Somewhat unencouragingly for anally retentive collectors like me, the packaging claims to house "22 specially chosen episodes from the show's 1995-98 run" - luckily, on closer inspection, this is no "Best Of" set, and it in fact contains all 12 half-hour episodes of Season 1, as well as the first 10 from Season 2. Whether this represents the initial production run of a 22 episode season, or if it was collected this way solely to make it a more substantial collection is unclear, but the primary concern of all fans would be that no episode is missing, and this does apparantly contain all of the material, without any cuts.
As previously noted, the show itself may well have gotten even funnier as time has passed.The episode Of Mouse and Man where Brain gets a job wouldn't have been half as funny before I had a job of my own, and contains some surprisingly biting social satire for an all-ages cartoon. Between the slapstick moments (and peppering Brain's sublimely pompous dialogue) are references to everything from Orson Welles to Quantum Theory. The show itself lifts its material from B-Movie classics (Plan Brain from Outer Space) as well as the most celebrated cinema of the century (Das Mouse) from literature (Around the World in 80 Narfs) to theatre (Mouse of La Mancha). So rich are the references that when I look back at how much must've gone over my head when I was younger, I almost wonder how I ever found it funny at all.
I say "almost" because the character-based comedy (combined with the slapstick humour) is still the main focus of the show and that's what really holds it all together, whether it's Brain's long-suffering tolerance of his only friend, or Pinky's loyalty even in the face of a surly and unappreciative companion.
As noted, you get 22 half-hour episodes, presented as such, which using the occasionally short-format episode, amounts to a total of 31 complete stories and the near-legendary Brainstem Song. These episodes are exclusively taken from the show's solo run. Anyone looking for the original shorts will find them collected in their proper place, on the Animaniacs Vol. 1 DVD which itself is probably a pretty worthy buy.
Extras are undeniably lacking on this release. The only included additional material is the short retrospective piece Are You Pondering What I Am Pondering? which contains the voice actors Maurice LaMarsh and Rob Paulson, as well as voice director Andrea Romano sharing their insight and anecdotes about the fun they had making the show. It's a shamelessly self-promoting fluff piece, but on the other hand, it's nice that they took the step of gathering new footage and putting something together instead of simply including the usual half-complete animation tests and storyboard comparisons that most cartoon DVDs try to get away with. Not that those wouldn't be welcome, and a commentary or some deleted scenes certainly wouldn't have gone amiss. It's not a set you'll find yourself buying for the extras.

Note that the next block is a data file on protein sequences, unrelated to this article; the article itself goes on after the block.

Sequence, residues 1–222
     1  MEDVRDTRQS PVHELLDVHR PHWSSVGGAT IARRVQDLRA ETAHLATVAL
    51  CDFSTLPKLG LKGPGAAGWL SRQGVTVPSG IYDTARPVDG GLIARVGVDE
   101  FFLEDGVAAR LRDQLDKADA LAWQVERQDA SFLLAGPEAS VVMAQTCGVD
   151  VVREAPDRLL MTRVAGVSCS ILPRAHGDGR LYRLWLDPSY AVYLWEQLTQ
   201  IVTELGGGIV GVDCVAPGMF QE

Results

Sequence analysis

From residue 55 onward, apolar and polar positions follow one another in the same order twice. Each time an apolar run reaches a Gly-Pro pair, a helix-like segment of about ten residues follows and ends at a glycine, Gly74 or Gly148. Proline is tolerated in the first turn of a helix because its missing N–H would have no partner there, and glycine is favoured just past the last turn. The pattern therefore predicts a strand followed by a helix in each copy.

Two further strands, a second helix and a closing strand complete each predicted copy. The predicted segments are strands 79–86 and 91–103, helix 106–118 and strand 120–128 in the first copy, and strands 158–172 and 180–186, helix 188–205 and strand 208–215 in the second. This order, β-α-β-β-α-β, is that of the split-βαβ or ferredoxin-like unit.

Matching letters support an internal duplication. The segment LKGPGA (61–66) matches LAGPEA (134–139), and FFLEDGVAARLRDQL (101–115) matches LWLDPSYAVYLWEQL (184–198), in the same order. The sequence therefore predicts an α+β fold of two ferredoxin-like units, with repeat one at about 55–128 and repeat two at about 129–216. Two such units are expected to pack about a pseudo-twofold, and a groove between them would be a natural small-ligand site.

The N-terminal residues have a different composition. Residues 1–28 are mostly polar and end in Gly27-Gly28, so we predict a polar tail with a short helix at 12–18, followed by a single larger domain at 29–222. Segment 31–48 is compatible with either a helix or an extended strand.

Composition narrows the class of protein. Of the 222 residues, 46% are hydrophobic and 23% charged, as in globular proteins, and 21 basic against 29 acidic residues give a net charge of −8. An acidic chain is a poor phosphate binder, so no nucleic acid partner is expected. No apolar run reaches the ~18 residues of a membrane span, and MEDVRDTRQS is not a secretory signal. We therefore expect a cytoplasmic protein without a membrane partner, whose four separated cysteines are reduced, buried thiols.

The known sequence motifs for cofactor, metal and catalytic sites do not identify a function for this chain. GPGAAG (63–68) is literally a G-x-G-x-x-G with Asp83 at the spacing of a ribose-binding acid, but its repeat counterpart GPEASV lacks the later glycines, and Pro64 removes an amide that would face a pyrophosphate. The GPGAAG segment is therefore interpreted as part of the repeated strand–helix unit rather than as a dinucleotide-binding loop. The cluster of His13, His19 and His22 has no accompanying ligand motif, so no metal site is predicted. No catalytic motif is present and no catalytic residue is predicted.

What should be pretty obvious by now, if you haven't skipped straight to the conclusion, is that Pinky and the Brain is an intelligent and witty cartoon that stands the test of time, and which is slightly let down by a DVD set that's trying to get away with the bare minimum of requirements. With Volume 2 announced for December already, the success of Volume 1 may mean that in future we'll see more in the way of incentives. Nevertheless, the cartoon itself is enough to make this worth buying, and while it's not a must-own, if you find yourself getting nostalgic for the heady days of youth where you planned to take over the world, Pinky and The Brain is the best way to re-live those urges without the likelihood of jail time.
A 5-star show, but for the DVD set...